- The Washington Times - Tuesday, January 15, 2019

President Trump is sending a scaled-down delegation to the swanky annual economic conference in Davos, Switzerland, next week due to the partial government shutdown.

The White House said Treasury Secretary Steven T. Mnuchin will lead the delegation, which includes Secretary of State Mike Pompeo, Commerce Secretary Wilbur L. Ross Jr., U.S. Trade Representative Robert E. Lighthizer and Deputy White House Chief of Staff Chris Liddell.

The administration had planned to send about a dozen officials to the conference. Officials who are no longer flying to Davos include Labor Secretary Alex Acosta, Transportation Secretary Elaine Chao, Homeland Security Secretary Kirstjen Nielsen, Small Business Administrator Linda McMahon and presidential advisers Jared Kushner and Ivanka Trump.

The president, Mr. Kushner and Ms. Nielsen, in particular, are involved in negotiations with Congress over border wall funding in an effort to end the shutdown.

Mr. Pompeo and Mr. Mnuchin are expected to speak at the opening of the conference instead of Mr. Trump.

The World Economic Forum runs from Jan. 22 to Jan. 26 at the high-end Alpine resort of Davos. The president decided last week not to attend the conference due to the shutdown, which will reach a record 26th day on Wednesday.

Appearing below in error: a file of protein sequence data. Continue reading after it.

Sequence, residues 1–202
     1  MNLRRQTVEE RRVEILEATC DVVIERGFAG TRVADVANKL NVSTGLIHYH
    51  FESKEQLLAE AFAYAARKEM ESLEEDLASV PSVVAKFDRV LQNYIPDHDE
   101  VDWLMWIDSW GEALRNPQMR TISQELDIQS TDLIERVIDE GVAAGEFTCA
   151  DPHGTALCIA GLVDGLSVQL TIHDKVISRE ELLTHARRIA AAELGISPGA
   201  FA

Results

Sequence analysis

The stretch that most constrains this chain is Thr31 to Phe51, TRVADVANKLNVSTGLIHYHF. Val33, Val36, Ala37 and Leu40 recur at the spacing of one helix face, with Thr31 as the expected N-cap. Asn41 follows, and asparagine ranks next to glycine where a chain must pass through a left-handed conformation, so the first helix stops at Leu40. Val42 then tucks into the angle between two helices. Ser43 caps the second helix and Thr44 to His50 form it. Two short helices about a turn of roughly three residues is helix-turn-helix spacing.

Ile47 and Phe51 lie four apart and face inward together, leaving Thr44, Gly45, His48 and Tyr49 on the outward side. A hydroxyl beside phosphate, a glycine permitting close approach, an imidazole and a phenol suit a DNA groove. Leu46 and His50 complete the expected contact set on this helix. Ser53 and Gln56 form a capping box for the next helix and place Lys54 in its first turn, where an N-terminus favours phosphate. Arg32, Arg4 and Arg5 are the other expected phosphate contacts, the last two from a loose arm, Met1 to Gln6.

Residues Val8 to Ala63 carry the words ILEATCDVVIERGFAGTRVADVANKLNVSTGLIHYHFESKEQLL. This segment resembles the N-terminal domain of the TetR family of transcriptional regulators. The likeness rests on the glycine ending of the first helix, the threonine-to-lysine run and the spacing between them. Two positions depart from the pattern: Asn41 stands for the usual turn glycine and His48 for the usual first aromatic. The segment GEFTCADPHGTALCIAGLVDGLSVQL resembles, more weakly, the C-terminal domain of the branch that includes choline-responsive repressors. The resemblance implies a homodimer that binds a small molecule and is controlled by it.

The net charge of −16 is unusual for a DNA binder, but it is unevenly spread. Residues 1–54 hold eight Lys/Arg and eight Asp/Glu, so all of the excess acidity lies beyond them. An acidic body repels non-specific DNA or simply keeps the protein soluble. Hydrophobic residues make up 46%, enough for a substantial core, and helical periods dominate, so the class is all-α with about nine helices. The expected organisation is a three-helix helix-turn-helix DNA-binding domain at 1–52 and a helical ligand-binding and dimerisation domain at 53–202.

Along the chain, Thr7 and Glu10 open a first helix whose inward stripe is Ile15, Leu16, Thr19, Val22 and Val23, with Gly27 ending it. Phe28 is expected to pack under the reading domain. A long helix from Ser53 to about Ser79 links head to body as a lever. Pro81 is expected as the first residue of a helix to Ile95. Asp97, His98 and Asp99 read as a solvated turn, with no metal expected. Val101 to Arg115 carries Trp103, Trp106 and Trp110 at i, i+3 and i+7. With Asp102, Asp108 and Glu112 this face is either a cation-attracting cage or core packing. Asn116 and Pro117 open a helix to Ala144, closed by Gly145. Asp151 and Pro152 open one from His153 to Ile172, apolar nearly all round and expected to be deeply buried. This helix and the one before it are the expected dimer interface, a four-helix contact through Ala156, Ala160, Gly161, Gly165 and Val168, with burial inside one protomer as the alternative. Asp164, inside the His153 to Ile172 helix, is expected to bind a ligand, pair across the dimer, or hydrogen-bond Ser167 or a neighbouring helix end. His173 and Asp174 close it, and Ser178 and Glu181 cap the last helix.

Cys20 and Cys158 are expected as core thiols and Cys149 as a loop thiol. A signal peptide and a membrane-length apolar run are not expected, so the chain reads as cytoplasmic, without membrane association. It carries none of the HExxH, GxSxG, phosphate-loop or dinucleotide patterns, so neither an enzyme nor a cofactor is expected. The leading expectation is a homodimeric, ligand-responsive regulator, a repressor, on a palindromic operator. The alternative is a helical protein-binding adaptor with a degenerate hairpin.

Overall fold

Among the 37 heads of state expected to attend are German Chancellor Angela Merkel, Israeli Prime Minister Benjamin Netanyahu and Japanese Prime Minister Shinzo Abe. About 3,000 people will attend.

Mr. Trump did attend the elite conference last year, and was greeted like a rock star at the gathering, where ultra-wealthy celebrities mingle with actual rock stars, world leaders and business executives. The president schmoozed with corporate titans, drummed up investment in the U.S. and departed to general acclaim for his economic policies and views.

This year, it was hoped that Mr. Trump would meet with a top Chinese official at Davos as the U.S. and China try to complete negotiations on a comprehensive trade deal that would avert the reimposition of retaliatory tariffs on a broad range of imports.

The president also might have bumped into billionaire George Soros, one of his fiercest critics, who is expected to attend.

The price tag for attendance at the forum is steep. General membership in the WEF costs $50,000; corporations must pay about $600,000 for five representatives to gain access to all areas of the conference.

In recent years, parties hosted by China’s richest man, Jack Ma, and Russian oligarch Oleg Deripaska have been sought-after invitations at Davos.

• Dave Boyer can be reached at dboyer@washingtontimes.com.

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